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Title: Effects of the seasonal cycle on superrotation in planetary atmospheres

The dynamics of dry atmospheric general circulation model simulations forced by seasonally varying Newtonian relaxation are explored over a wide range of two control parameters and are compared with the large-scale circulation of Earth, Mars, and Titan in their relevant parameter regimes. Of the parameters that govern the behavior of the system, the thermal Rossby number (Ro) has previously been found to be important in governing the spontaneous transition from an Earth-like climatology of winds to a superrotating one with prograde equatorial winds, in the absence of a seasonal cycle. This case is somewhat unrealistic as it applies only if the planet has zero obliquity or if surface thermal inertia is very large. While Venus has nearly vanishing obliquity, Earth, Mars, and Titan (Saturn) all have obliquities of ∼25° and varying degrees of seasonality due to their differing thermal inertias and orbital periods. Motivated by this, we introduce a time-dependent Newtonian cooling to drive a seasonal cycle using idealized model forcing, and we define a second control parameter that mimics non-dimensional thermal inertia of planetary surfaces. We then perform and analyze simulations across the parameter range bracketed by Earth-like and Titan-like regimes, assess the impact on the spontaneous transition tomore » superrotation, and compare Earth, Mars, and Titan to the model simulations in the relevant parameter regime. We find that a large seasonal cycle (small thermal inertia) prevents model atmospheres with large thermal Rossby numbers from developing superrotation by the influences of (1) cross-equatorial momentum advection by the Hadley circulation and (2) hemispherically asymmetric zonal-mean zonal winds that suppress instabilities leading to equatorial momentum convergence. We also demonstrate that baroclinic instabilities must be sufficiently weak to allow superrotation to develop. In the relevant parameter regimes, our seasonal model simulations compare favorably to large-scale, seasonal phenomena observed on Earth and Mars. In the Titan-like regime the seasonal cycle in our model acts to prevent superrotation from developing, and it is necessary to increase the value of a third parameter—the atmospheric Newtonian cooling time—to achieve a superrotating climatology.« less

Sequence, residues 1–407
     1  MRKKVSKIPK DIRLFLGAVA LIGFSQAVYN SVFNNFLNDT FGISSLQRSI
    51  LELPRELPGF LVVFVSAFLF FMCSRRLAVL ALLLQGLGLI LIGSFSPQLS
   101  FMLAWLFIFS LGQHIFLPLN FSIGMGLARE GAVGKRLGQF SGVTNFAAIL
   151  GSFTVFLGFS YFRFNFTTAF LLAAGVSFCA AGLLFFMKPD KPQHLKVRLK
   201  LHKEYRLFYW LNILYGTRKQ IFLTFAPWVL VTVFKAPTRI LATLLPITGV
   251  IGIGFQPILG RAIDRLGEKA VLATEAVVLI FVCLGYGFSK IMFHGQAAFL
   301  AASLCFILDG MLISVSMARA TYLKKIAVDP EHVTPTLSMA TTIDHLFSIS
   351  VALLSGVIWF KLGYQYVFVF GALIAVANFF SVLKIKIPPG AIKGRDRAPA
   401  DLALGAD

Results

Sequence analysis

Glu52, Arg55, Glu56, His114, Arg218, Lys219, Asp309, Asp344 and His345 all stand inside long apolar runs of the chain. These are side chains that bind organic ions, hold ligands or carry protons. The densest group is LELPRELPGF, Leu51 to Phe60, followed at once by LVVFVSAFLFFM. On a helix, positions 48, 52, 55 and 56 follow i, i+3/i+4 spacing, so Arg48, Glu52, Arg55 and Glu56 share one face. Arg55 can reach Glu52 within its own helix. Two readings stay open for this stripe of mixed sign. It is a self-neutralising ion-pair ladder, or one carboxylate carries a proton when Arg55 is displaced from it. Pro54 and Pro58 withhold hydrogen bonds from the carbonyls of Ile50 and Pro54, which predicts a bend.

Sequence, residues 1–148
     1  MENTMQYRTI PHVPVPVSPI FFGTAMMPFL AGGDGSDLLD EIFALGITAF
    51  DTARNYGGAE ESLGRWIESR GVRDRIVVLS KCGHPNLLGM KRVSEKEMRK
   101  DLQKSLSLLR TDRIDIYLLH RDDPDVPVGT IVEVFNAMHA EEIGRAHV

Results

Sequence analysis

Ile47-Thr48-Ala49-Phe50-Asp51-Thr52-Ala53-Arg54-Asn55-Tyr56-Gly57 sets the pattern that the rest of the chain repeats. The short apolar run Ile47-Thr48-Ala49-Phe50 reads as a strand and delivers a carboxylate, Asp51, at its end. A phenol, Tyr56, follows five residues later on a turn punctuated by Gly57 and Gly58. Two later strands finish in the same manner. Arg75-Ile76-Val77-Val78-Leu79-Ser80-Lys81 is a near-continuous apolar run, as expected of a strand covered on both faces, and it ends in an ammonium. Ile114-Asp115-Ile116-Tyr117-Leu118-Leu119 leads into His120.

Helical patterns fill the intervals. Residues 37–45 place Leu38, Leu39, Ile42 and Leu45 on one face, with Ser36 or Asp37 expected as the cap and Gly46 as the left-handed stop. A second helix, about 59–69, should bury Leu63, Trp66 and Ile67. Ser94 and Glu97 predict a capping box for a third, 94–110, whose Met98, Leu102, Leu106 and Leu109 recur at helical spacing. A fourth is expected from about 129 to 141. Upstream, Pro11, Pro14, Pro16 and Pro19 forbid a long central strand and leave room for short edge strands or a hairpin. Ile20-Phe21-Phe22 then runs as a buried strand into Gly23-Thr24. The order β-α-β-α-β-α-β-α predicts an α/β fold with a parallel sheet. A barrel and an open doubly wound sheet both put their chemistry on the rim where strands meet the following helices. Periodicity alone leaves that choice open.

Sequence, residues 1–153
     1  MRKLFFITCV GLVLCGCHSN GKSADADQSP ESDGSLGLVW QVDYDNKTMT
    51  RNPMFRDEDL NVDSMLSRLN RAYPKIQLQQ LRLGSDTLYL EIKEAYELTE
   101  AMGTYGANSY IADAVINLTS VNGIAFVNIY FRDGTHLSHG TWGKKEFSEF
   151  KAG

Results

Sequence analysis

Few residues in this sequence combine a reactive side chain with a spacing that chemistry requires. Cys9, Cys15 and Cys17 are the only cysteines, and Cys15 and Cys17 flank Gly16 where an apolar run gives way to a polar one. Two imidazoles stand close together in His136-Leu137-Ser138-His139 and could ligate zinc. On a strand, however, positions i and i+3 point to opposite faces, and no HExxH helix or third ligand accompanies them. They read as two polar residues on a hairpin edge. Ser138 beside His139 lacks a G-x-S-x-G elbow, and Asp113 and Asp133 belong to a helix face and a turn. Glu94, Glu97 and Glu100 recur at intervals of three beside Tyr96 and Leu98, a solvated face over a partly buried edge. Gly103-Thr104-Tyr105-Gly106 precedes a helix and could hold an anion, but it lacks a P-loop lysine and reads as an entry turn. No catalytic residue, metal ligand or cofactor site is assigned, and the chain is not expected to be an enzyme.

Authors:
 [1] ;  [2] ;  [3]
  1. Department of Earth and Space Sciences, University of California Los Angeles, Los Angeles, CA 90095 (United States)
  2. College of Engineering, Mathematics and Physical Science, Exeter University, Exeter (United Kingdom)
  3. Atmospheric and Oceanic Sciences Program, Princeton University, NJ 08544 (United States)
Publication Date:
OSTI Identifier:
22356874
Resource Type:
Journal Article
Resource Relation:
Journal Name: Astrophysical Journal; Journal Volume: 787; Journal Issue: 1; Other Information: Country of input: International Atomic Energy Agency (IAEA)
Country of Publication:
United States
Language:
English
Subject:
79 ASTROPHYSICS, COSMOLOGY AND ASTRONOMY; ADVECTION; ASTROPHYSICS; COMPARATIVE EVALUATIONS; COSMOLOGY; GENERAL CIRCULATION MODELS; INSTABILITY; MARS PLANET; MOMENT OF INERTIA; PLANETARY ATMOSPHERES; SATELLITE ATMOSPHERES; SATURN PLANET; SEASONAL VARIATIONS; SIMULATION; SPACE; TIME DEPENDENCE; VENUS PLANET